The question of art

The case of the French artist who painted artworks on two abandoned houses in rural Lanzarote has highlighted Lanzarote’s complicated attitude towards heritage and public art.

In January, the French artist who goes under the name Miss Van posted images of the painting she had created on a ruined house, which seems to be in the area of Mirador de los Valles. The image is a surreal, romantic depiction of a woman’s head, with horns, red hair and a beaked carnival mask that matches the faded green of the house’s door.

The Toulouse-born street artist accompanied her post with the message “Lanzarote, I’m in love with you. I found this spectacular abandoned house and decorated it. As you know, I haven’t painted spontaneously in the open air for years, but this island is more than inspiring.”

However, it wasn’t long until Miss Van’s post received strong criticism. Among those who attacked it were the Nueva Canarias political party, who condemned “Another attack on our historical heritage” and called for severe measures to be applied.

Cabildo President Oswaldo Betancort also commented, saying “I’m against these type of artistic actions on our soil. There is a place for art on our islands, but it must be integrated and respectful of our heritage.”

Betancort invited the artist, Vanessa Alice, to meet him at the Cabildo and she accepted, resulting in a “constructive meeting” where she apologized publicly. Shortly afterwards, Miss Van posted new photos that showed that the artwork had been completely removed from the ruined building, and repeated her apology.

However, it is clear that the hostility she encountered on social media upset Miss Van. She posted further photos of the building she had painted on, showing crumbling walls, a collapsed roof and an old rotting mattress on the floor. “Here are the ruins of Lanzarote’s heritage, and the people of the island are criticizing and insulting me for my painting, saying I’m destroying the island’s heritage. Something to think about, no?” she wrote.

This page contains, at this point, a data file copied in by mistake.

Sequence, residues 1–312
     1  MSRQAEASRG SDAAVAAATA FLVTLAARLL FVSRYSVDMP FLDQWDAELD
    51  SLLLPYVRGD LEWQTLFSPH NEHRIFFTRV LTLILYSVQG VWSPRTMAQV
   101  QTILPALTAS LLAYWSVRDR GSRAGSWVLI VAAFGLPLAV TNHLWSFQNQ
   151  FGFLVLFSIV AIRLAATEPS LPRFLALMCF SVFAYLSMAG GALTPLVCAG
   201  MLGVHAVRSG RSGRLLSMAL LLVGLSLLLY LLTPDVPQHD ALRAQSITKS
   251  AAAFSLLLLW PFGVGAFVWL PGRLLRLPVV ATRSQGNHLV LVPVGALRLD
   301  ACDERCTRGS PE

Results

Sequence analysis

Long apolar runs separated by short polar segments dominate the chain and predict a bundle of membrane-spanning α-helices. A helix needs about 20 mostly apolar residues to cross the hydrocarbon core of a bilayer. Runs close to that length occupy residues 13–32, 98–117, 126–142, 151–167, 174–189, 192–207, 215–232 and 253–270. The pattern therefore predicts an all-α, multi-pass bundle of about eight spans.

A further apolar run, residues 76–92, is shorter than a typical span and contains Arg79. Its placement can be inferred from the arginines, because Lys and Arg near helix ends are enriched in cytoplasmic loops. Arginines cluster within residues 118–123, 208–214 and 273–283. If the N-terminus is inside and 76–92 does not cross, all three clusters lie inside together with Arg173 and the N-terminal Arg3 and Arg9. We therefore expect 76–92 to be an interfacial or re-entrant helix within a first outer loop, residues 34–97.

“I feel bad that my painting has caused so much controversy and I’m sorry for having painted on a ruin classed as heritage,” she continued, “But I nor anyone else deserves such so much hatred from people who do not know my work. It’s the first time this has happened to me in 30 years of painting walls, and I think it’s very sad.”

The controversy also caused Miss Van to comment to a friend that “We are not welcome here”, raising the question of whether Lanzarote is starting to show signs of “tourist phobia”.

Art for the island

Lanzarote is no stranger to street art, whether its permitted or not. César Manrique himself was a keen muralist, and the streets around the art centre he established in Arrecife, El Almacén, are home to several commissioned murals.

However, the strict aesthetic guidelines that Manrique helped to lay down for the island also mean that permission for public art in rural areas is difficult, if not impossible, to obtain. Even if Miss Van had received permission from the owners of the ruined building, it is that unlikely the Ayuntamiento would have allowed it.

But that doesn’t mean that large works Graffiti on Famara’s cliffs of unauthorised art don’t exist on the island. The Mala dam – one of the largest engineering structures on the island and a listed building – has displayed a large piece of graffiti with the worlds Ama, Rie, Vive (Love, Laugh, Live) for several years, with few complaints and no action taken to remove it. Meanwhile, at the foot of the Famara cliff, large graffiti works liven up a dull concrete structure overlooking the ocean.

The story has also raised the question of what constitutes art, and which kind of works have aesthetic and public value. Is painting without permission justified if the work is of high quality, or if the local authorities lack imagination and permit other forms of ugliness? Is art a matter for the people or politicians to decide?

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